The cross, then, is not about Jesus reconciling an angry God to us; it’s almost the opposite. It’s about a totally loving God, incarnate in Christ, reconciling us to him. On the cross Jesus dies for our sins; the price of our sin is paid; but it is not paid to God but by God. As St Paul says, God was in Christ reconciling the world to himself. Because he is Love, God does what Love does: He unites himself with the beloved. He enters his own creation and goes to the bottom line for us. Not sending a substitute to vent his punishment on, but going himself to the bitter end, sharing in the worst of suffering and grief that life can throw at us, and finally sharing our death, so that he can bring us through death to life in him.”
We can be so fixated on our picture of the punishing God of power we imagine up in heaven, we can’t grasp he’s really down here, bleeding and dying at our side.
The most powerful illustration of this comes not from a Christian writer but a Jew, Elie Wiesel, the holocaust survivor and Nobel prize winner, who described his experience of Auschwitz in a famous book called Night. In the face of so much horror and evil many lost their faith; yet for a few it became, paradoxically, a new realisation of God’s closeness to them. In one harrowing passage Wiesel tells how a young boy was punished by the guards for stealing food. He was hanged on piano wire, while all the other prisoners were forced to watch:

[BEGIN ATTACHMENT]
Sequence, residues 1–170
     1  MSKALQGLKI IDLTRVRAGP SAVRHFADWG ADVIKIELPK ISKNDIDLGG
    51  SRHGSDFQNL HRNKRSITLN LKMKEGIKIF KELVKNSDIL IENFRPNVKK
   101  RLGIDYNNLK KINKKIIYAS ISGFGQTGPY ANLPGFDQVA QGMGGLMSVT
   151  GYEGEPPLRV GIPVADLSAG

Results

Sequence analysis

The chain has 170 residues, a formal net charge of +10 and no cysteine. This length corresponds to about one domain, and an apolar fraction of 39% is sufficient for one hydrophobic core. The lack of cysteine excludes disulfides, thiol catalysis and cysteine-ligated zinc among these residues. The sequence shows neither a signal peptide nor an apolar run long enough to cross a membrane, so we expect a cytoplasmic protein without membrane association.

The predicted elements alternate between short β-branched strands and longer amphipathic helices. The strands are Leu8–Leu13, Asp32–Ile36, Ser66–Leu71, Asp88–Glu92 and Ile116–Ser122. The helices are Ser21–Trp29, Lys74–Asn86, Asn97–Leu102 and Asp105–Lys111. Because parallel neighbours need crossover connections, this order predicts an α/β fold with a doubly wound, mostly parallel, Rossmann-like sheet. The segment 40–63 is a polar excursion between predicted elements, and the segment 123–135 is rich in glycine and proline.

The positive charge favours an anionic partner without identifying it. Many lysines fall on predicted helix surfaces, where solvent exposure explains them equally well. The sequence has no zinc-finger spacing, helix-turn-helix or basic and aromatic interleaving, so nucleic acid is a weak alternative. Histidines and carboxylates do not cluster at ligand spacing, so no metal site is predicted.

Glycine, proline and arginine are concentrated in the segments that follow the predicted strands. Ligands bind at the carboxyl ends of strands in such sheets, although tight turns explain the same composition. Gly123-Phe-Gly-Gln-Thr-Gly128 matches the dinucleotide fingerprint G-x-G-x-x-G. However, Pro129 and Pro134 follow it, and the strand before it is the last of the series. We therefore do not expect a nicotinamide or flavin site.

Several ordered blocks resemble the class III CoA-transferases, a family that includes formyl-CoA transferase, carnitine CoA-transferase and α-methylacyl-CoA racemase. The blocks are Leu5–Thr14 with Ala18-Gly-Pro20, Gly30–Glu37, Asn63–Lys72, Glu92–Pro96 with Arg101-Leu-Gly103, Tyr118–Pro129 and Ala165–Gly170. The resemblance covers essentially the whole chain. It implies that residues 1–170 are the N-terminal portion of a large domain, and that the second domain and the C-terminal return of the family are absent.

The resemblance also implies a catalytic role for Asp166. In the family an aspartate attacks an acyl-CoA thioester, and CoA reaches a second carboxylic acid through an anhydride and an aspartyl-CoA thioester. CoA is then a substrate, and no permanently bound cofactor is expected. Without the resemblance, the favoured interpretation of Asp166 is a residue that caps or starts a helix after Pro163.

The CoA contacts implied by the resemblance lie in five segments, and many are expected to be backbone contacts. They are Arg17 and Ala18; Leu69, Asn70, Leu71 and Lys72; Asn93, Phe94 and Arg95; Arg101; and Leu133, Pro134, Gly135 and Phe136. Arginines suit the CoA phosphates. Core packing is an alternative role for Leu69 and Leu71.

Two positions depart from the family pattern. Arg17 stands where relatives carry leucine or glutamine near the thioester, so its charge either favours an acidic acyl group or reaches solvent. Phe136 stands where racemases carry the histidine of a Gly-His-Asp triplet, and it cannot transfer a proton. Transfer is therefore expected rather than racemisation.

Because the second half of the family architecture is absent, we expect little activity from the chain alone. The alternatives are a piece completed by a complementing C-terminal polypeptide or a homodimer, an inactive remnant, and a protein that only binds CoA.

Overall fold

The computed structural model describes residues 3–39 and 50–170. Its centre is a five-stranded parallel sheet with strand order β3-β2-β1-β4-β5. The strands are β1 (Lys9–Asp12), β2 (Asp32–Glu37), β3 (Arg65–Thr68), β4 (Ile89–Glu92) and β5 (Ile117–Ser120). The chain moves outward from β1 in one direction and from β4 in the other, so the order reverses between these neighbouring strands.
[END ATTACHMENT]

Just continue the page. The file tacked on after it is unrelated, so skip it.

“For more than half an hour the boy stayed there, struggling between life and death, dying in slow agony before our eyes. We were all forced to pass in front of him, but not allowed to look down or avert our eyes, on pain of being hanged ourselves. When I passed in front of him, the child’s tongue was still red, his eyes not yet glazed. Behind me a man muttered, ‘Where is your God now’? And I heard a voice within me answer him, ‘Where is he? Here He is. He is hanging here on this gallows’.”
This above all is the meaning of the Cross: that God is one with us in our sufferings, and not just 2000 years ago but through all time. The Cross should not therefore be seen as punishment, but as a victory, a coming together of God and humankind, an act of God’s love and not his punishment of a scapegoat. It is an overcoming of death: the resurrection is therefore much, much more important than the cross.
On the cross God absorbs into himself our falleness and its consequences and offers us a new relationship. God shows he knows what it’s like to be the loser; God hurts and weeps and bleeds and dies. It’s a mystery we can hardly glimpse, let alone grasp; and if there is an answer to the problem of suffering, perhaps it’s one for the heart, not the reason. Because the answer God’s given is simply himself; to show that, so far from inflicting suffering as a punishment, he bears our griefs and shares our sorrow. From Good Friday on, God is no longer “God up there”, inscrutably allotting rewards and retributions. On the Cross, even more than in the crib, he is Immanuel, God down here, God with us.”